17 May, 2010

Day 52 - Your garden or your weapon of choice?

I have to admit that my writing has been suffering from gardenitis - a disease which afflicts those of us who live in the Northeast and go garden crazy when the weather finally turns warm enough to start planting - sometime after Mother's Day. This weekend I finally put in a dozen heirloom tomato plants and a dozen eggplants, as well as 36 basil plants -- all started from seed. My living room looks livable again, now that all the grow lights and flats of seedlings have disappeared. I have all the aches and pains in places I'd forgotten to prove I worked hard. I also have some new plot ideas.

One of the nice things about gardening -- aside from the luscious produce that will appear in a couple of months -- is that it's a mindless pursuit. Mindless not as in stupid, but as in mind freeing. You're out there in the sun and fresh air, digging in clean smelling soil and your mind just wanders. It's the perfect time to word out plot knots and perfect characters. Maybe something is found in the garden (a skeleton or a treasure?) or maybe your mind wanders to all the potential weapons you could be planting: lily of the valley, Narcissus, Rhododendron, Oleander, Chrysanthemum, Hydrangea, Foxglove, and Wisteria, to name just a few. Think about it -- half the bridal bouquets in the world are lethal weapons.

And then we can move on to the gardening tools: scythes, pitchforks, power hedge trimmers. And let's not forget the twine and rope we use to tie up those tender beans and pea shoots. The possibilities are endless.

Gardens offer endless possibilities for murder, mayhem, and mystery. I remember an episode of Rosemary and Thyme, one of my favourite BBC series, where a blind man is killed in a community garden by the simple expedient of moving a wind chime. The man relied on the tinkling of the chimes to orient himself, so all the murderer had to do was dig a deep trench and relocate the chimes. Pronto presto, the blind man follows the chimes; falls in the ditch and breaks his neck. Simple and neat.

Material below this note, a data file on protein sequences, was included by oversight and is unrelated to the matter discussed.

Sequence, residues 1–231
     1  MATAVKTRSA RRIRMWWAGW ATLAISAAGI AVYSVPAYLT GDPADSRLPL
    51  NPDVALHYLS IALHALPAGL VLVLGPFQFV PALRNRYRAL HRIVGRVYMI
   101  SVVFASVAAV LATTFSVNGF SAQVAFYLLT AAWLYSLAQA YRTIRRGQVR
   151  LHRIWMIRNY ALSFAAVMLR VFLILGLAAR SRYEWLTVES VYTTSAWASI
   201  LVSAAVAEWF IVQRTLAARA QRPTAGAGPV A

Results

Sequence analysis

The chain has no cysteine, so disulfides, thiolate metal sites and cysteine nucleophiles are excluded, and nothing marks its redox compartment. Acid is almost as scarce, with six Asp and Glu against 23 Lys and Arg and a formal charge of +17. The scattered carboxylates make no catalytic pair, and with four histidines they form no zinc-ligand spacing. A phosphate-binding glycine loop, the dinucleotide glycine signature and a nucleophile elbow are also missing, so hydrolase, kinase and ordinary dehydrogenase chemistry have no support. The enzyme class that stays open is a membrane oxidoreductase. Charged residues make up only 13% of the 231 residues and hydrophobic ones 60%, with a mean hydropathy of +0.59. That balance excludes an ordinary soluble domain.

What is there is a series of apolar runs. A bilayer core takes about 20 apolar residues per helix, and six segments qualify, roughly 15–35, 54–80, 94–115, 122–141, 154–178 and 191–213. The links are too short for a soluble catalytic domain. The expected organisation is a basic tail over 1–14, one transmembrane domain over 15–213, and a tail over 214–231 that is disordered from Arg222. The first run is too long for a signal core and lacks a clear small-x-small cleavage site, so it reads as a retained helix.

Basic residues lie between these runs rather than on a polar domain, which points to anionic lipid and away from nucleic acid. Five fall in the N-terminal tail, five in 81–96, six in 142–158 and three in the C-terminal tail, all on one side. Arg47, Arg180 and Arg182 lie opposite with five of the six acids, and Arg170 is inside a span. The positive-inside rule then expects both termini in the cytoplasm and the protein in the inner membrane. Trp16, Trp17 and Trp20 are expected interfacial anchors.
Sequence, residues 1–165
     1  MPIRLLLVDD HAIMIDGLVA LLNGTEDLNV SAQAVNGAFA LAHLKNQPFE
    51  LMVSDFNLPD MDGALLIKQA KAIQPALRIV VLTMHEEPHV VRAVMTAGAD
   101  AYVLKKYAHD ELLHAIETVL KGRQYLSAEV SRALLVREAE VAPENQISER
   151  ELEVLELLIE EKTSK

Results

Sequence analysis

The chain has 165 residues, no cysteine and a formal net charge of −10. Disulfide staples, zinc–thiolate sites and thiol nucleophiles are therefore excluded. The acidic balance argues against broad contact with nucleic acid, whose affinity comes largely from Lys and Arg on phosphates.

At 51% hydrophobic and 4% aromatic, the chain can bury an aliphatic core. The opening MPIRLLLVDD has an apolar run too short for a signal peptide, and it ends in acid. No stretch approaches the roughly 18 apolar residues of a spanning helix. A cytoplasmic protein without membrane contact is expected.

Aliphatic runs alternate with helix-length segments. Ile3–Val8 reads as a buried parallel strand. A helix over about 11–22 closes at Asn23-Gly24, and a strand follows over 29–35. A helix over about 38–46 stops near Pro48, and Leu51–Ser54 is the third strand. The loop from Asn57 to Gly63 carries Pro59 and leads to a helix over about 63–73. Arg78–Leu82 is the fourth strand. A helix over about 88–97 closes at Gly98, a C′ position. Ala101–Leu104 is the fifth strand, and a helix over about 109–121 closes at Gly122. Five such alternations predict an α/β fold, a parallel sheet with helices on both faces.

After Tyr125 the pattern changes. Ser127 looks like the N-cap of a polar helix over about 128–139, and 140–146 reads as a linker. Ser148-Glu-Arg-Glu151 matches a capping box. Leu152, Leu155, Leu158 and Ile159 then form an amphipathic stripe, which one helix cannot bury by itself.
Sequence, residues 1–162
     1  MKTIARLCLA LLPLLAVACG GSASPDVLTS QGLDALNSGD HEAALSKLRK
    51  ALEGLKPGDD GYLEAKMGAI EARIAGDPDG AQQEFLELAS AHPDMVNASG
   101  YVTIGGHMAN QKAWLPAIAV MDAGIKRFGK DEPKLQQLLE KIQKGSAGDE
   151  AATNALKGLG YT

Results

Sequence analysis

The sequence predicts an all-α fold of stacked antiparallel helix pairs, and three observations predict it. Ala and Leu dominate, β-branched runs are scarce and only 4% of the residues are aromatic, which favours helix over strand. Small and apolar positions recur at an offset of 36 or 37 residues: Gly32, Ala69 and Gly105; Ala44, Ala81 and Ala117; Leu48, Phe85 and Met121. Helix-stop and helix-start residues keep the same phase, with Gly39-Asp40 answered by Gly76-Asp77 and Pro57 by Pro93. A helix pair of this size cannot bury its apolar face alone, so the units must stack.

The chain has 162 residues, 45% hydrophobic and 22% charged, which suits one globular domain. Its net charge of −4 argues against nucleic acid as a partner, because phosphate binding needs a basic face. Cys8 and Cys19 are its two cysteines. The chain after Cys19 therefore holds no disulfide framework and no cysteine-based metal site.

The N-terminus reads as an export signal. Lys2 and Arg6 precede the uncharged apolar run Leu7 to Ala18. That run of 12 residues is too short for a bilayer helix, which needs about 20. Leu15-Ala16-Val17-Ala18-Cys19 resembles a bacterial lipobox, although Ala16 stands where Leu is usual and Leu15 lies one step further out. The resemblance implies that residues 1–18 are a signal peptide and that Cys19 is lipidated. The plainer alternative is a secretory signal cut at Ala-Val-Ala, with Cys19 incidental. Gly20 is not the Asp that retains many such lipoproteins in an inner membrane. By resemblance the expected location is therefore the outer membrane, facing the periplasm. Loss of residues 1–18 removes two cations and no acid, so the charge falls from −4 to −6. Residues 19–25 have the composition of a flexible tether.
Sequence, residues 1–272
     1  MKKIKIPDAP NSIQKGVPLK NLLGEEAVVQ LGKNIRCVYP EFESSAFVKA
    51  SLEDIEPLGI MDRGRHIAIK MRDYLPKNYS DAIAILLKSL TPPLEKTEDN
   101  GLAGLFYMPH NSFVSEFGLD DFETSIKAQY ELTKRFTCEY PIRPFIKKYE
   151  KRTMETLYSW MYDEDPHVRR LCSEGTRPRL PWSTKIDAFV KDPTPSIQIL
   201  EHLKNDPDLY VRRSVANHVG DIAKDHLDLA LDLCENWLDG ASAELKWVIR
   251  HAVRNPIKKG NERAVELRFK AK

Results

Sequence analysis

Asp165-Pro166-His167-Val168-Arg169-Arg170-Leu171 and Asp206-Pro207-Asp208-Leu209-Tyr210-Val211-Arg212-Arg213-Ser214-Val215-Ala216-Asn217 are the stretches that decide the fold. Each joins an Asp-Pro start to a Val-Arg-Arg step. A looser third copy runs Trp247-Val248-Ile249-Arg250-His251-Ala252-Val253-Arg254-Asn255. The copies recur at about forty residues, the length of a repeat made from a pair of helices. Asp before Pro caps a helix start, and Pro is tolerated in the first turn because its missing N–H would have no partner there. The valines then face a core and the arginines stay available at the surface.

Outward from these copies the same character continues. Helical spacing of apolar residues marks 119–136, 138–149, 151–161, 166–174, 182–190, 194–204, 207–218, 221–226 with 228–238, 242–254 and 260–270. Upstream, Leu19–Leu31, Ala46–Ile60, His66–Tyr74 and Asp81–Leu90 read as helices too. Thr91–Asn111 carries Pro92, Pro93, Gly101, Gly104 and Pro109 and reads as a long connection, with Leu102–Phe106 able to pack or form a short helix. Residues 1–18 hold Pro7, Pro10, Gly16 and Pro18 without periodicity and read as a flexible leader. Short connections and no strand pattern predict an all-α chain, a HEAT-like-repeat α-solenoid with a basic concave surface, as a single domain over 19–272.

Rain is predicted for the next two days, so I expect I'll be sitting at my keyboard weaving some of my ideas into my manuscript, but the first sunny day, I'll be back out in the garden, harvesting new ones.

If you planted tarragon, try this recipe for Stuffed Shrimp with Tarragon
16 large raw shrimp, shelled and deveined (leave on the last tail segment if you like)
6 Tbsp melted butter
1 clove garlic, finely minced (or more if you like)
2 Tbsp finely chopped shallot
1/2 cup finely chopped mushrooms
1/2 cup dry bread crumbs (not flavoured)
1 Tbsp chopped parsley
1/2 tsp freshly chopped tarragon
1 cup dry white wine or vermouth

  1. Preheat oven to 350 degrees.
  2. With a sharp knife split the shrimp lengthwise along the upper vein, but do not cut all the way through. Rinse shrimp and pat dry. Lay the opened shrimp between sheets of waxed paper or plastic wrap and pound lightly with a rolling pin, being careful not to split them. Score the shrimp lightly with a knife to prevent curling. Sprinkle with salt and pepper.
  3. Melt 1 Tbsp butter in a small frying pan, and cook the garlic, shallot and mushrooms briefly, about 2 minutes. Add the remaining butter, bread crumbs, parsley, and tarragon. Season with salt and pepper to taste.
  4. Divide the mixture over half the shrimp and top each with another shrimp, making "sandwiches."
  5. Place the shrimp in a shallow baking dish and carefully pour the dry wine around them. Bake until shrimp are pink, basting occasionally, 10 to 15 minutes. No do overcook. Serve hot with lemon wedges, over couscous to absorb the juices. Serves 4.